The executive director of the Philippine Women Centre is renewing the call to abolish Canada’s Live-in Caregiver Program.
Cecilia Diocson made the demand as B.C. Supreme Court judge Richard Goepel is expected to charge the jury today (June 24) in a human-trafficking case in which a couple has been accused of enslaving Filipino caregiver Leticia Sarmiento.
“We continue to call for the scrapping of the Live-in Caregiver Program,” Diocson told the Straight in a phone interview. “That has always been our position. Now it [LCP] became a model for the Temporary Foreign Worker program in Canada.”
More of Diocson’s voice will again be heard following her recent return to Vancouver after spending some time in Montreal.
The outspoken cofounder of PWC is also involved in work to possibly reopen the group’s physical centre at 451 Powell Street in East Vancouver.
More popularly known as the Kalayaan Centre (Freedom Centre), the space used to house five Filipino Canadian grassroots organizations until it closed in 2008.
In addition to the PWC, these groups are the B.C. Committee for Human Rights in the Philippines, Ugnayan (Filipino Canadian Youth Alliance), Siklab (National Alliance of Filipino Migrant Workers in Canada), and Filipino Nurses Support Group.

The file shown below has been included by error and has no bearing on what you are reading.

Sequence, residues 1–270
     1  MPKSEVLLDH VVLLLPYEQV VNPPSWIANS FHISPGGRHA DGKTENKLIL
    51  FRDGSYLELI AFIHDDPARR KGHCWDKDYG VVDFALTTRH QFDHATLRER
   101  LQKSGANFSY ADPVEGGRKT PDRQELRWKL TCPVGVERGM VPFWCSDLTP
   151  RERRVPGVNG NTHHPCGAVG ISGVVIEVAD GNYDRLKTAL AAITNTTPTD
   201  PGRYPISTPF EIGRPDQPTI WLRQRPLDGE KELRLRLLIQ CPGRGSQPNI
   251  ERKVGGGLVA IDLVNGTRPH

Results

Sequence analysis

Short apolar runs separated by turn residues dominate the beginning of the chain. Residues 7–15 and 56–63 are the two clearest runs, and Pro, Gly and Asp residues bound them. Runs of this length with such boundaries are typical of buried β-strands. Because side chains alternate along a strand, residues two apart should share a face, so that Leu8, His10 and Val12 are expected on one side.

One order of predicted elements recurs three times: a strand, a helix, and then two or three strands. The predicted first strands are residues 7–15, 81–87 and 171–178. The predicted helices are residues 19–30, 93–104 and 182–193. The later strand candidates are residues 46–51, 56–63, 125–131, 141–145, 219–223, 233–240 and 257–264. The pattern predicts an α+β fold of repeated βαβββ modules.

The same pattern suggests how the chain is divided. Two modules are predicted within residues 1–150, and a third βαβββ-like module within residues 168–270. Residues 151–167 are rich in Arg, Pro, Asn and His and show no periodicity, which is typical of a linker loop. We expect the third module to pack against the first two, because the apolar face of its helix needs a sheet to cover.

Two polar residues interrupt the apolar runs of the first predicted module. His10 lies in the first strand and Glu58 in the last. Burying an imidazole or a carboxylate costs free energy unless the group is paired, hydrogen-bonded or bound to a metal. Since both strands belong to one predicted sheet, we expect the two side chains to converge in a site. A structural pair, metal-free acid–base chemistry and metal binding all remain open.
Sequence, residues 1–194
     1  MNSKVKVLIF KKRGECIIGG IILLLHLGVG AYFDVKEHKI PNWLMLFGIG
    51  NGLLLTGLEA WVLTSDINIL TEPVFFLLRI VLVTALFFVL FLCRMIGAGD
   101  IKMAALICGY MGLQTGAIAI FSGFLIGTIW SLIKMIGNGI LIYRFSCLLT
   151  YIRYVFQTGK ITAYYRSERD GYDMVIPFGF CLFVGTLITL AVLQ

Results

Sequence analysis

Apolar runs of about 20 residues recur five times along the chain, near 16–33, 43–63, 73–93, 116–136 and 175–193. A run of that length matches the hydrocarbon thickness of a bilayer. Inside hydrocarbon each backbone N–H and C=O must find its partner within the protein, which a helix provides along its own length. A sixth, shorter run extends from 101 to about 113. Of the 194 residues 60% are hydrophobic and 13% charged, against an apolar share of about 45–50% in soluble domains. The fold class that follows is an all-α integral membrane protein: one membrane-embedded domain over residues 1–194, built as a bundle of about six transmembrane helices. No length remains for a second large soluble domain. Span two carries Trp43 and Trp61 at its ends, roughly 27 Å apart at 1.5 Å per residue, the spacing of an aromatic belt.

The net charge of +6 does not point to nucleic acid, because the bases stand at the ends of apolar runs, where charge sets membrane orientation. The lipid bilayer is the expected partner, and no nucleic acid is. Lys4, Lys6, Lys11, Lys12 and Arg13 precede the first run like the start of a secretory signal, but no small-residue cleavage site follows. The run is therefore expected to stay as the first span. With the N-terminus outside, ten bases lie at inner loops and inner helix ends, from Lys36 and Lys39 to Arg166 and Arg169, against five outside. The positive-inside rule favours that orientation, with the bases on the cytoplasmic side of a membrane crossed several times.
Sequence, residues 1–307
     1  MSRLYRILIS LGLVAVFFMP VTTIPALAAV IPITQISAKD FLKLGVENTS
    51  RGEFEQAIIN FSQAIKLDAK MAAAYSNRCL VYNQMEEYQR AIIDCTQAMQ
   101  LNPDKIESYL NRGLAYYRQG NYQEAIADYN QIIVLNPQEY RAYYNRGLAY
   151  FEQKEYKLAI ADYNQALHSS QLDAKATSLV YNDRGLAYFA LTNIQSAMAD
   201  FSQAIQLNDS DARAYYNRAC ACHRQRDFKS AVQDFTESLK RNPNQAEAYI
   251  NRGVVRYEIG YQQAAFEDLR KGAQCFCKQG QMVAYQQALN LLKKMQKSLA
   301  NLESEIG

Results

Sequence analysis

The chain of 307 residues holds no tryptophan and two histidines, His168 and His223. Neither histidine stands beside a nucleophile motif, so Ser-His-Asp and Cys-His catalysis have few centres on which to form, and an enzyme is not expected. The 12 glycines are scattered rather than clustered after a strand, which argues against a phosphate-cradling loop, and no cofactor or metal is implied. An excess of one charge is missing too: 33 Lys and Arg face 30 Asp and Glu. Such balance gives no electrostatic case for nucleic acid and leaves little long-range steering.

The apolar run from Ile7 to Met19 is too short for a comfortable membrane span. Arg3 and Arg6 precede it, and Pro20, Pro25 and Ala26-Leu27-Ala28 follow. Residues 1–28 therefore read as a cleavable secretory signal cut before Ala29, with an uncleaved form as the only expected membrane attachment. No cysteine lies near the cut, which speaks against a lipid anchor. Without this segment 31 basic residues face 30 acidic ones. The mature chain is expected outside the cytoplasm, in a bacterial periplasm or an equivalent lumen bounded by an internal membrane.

According to Diocson, the PWC’s demand for the scrapping of the LCP has been misunderstood by some in the Filipino community as potentially posing a barrier to the immigration of mostly women caregivers to Canada. “That is a wrong notion,” she said.
Diocson explained that her group is critical about the fundamental pillars of the program that provide conditions for the exploitation of women.
These include the mandatory live-in requirement of the program, and the temporary status granted to women.
In 2009, UBC geography professor Geraldine Pratt told the Straight there’s no reason why present-day ethnic-minority caregivers should be treated differently from the mostly European women who came to Canada as domestic workers prior to the mid 1970s.
According to Pratt, Europeans who came as nannies starting in the 1890s were granted permanent-residency status immediately upon entering the country.
Pratt recalled that this privilege was taken away in 1973 when Canada implemented a predecessor to the LCP that mostly saw women from non-European countries being employed as caregivers.
A verdict is expected anytime soon regarding the case involving Filipino caregiver Sarmiento.
The caregiver didn’t come to Canada under the LCP but was brought to Canada by her employers from Hong Kong on a temporary visa.